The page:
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Rode home from work during a bit of a snowstorm yesterday.
I had forgotten how much fun it was.

Darned! And after a few days of nearly freezing temperatures, we had to go and spoil it yesterday by spiking up to 77 degrees.
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Old 12-10-07, 12:34 PM   #30
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Old Dude...

What Studded tires are you running right now? I've been thinking of putting some on the "CLYDE" bike
and running that this winter. I like to hit some of the Greenway Train out South of Scottsville in the Winter. It's been 5 years since my last ride in the snow and I'm itching to do it.

Chris
Until today I was running:

Front.......Continental Baja, 26 X 1.9, with a solid insert (comparable to 60psi) and sheet metal screws.



and on the rear an IRC Blizzard, 26 X 1.9, 30 - 50 psi



This set-up worked fine for all conditions except the lose granular brown salt
ladden snow we end up with on the side streete. That stuff tended to throw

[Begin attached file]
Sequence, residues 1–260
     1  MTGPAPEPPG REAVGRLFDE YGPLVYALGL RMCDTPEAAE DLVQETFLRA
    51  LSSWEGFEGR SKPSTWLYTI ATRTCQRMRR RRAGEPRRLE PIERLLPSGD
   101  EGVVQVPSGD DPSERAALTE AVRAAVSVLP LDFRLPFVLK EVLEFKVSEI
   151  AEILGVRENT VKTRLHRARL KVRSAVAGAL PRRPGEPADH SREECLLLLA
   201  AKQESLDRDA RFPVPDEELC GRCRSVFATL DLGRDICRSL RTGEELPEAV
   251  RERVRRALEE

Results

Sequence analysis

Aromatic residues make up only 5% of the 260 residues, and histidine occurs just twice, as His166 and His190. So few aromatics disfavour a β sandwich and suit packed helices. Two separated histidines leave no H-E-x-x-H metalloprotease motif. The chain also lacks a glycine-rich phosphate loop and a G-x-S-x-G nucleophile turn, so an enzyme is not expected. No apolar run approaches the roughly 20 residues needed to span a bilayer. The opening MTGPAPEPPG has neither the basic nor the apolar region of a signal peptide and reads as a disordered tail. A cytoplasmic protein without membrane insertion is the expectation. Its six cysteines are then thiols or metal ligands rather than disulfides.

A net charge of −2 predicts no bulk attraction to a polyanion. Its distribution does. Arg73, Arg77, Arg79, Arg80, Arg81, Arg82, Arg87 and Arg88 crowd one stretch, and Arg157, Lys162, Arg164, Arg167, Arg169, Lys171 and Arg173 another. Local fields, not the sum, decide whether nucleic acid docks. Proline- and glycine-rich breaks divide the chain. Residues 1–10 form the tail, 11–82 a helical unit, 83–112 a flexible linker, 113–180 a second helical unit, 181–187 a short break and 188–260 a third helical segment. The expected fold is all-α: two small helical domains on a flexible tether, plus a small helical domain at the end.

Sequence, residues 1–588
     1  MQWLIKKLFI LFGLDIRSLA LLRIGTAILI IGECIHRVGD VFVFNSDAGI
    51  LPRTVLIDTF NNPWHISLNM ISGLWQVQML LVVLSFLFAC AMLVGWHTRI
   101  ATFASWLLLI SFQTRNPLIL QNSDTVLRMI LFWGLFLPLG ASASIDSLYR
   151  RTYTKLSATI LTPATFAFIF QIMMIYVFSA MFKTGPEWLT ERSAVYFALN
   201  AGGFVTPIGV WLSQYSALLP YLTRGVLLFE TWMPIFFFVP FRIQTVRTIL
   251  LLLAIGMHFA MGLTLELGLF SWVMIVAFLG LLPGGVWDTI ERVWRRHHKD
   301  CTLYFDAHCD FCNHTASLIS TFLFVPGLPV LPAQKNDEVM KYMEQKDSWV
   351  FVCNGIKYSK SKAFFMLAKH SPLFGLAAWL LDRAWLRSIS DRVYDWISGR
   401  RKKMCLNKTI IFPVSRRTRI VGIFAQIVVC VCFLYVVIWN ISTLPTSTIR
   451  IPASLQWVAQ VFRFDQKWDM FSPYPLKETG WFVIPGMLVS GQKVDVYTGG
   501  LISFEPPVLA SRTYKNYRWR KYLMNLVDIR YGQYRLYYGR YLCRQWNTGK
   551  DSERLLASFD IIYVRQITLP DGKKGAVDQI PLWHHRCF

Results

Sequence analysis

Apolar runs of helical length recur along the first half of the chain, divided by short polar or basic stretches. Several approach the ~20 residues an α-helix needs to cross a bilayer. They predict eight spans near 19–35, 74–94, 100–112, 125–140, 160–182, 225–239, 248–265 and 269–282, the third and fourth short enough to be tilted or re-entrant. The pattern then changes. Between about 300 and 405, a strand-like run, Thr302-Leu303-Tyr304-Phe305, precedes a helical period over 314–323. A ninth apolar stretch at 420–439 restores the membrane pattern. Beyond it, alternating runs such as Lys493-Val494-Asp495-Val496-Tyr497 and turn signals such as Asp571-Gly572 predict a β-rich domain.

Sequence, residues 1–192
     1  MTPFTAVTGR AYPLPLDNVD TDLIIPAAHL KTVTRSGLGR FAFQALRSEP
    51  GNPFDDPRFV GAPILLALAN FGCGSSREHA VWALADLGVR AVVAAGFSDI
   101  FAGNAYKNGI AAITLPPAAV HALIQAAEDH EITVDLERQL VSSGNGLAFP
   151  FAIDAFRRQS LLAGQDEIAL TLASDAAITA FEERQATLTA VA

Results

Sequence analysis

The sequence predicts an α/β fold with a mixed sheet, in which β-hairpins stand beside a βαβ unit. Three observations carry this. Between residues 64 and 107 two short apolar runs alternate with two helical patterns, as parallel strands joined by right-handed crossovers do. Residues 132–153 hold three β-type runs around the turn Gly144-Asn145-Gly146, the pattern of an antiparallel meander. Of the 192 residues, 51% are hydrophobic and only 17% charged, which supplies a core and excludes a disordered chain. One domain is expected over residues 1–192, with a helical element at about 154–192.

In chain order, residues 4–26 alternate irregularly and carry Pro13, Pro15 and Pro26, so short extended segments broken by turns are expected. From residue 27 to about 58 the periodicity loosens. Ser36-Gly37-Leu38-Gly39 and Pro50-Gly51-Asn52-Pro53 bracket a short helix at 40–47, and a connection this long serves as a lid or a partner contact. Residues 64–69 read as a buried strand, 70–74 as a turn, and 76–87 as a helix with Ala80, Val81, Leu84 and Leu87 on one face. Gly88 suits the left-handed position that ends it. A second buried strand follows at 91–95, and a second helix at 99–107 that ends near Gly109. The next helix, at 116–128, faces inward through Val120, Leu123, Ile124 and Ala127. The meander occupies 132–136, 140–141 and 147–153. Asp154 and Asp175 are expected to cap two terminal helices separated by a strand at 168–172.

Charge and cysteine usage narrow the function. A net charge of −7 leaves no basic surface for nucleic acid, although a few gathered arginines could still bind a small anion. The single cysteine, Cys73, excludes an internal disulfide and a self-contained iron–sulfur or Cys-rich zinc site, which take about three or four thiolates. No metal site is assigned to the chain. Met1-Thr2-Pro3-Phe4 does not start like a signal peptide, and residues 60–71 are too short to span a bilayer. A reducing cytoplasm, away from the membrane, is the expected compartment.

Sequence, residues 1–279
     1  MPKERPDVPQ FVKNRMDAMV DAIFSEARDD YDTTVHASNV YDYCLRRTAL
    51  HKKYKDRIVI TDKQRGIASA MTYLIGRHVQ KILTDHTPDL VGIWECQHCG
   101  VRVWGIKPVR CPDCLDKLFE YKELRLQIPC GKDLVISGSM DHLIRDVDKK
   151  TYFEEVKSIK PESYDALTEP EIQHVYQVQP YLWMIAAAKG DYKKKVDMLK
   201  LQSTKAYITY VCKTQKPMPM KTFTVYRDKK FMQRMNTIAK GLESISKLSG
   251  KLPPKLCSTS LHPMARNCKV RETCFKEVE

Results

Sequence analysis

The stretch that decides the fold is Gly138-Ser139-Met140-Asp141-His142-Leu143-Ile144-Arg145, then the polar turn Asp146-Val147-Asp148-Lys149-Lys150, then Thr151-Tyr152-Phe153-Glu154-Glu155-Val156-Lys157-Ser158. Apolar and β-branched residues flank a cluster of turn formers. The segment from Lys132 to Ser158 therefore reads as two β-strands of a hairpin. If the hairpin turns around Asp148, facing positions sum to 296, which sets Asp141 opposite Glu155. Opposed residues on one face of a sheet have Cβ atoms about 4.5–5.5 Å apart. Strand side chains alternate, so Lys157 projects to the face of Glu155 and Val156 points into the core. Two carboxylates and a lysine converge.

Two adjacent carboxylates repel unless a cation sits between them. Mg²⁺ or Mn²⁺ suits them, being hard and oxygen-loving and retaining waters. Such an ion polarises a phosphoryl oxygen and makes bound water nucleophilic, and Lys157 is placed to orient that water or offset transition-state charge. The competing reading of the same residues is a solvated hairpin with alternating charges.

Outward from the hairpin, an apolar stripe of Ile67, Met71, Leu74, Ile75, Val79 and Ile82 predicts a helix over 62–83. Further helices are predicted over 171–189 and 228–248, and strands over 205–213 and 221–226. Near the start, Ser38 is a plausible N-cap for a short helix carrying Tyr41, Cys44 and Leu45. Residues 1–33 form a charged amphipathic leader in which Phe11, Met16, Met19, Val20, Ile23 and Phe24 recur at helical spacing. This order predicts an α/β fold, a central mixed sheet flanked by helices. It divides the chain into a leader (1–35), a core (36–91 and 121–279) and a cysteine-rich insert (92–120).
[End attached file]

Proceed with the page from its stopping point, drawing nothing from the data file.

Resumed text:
the front wheel to the side a lot.
Both tires are close to 20 yrs. old, been a while since I rode snow, so I chose to switch to
some new technology front and rear....Schwalbe Marathon Winter, 26 X 1.75, 35 - 70 psi.
I just mounted them today...it'll take a while to determine if there's any difference between
old and new technology.



If nothing else, they look nice !!!!

Last edited by cranky old dude; 12-10-07 at 02:06 PM.
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Old 12-10-07, 02:55 PM   #31
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Lenny,

I like those tires! Might be fun when the River freezes over! LOL!

Chris
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Old 12-10-07, 09:35 PM   #32
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What is this snow stuff you talk about??? We haven't had any moisture since August.
We did have a heavy dew this morning. It was 79 during my afternoon ride today with the rest of the week looking about the same. Still no rain in the forecast though. We are down to about 90 days of water in our reservoir before we have to start sucking mud. Normally there is about 300 days of water available.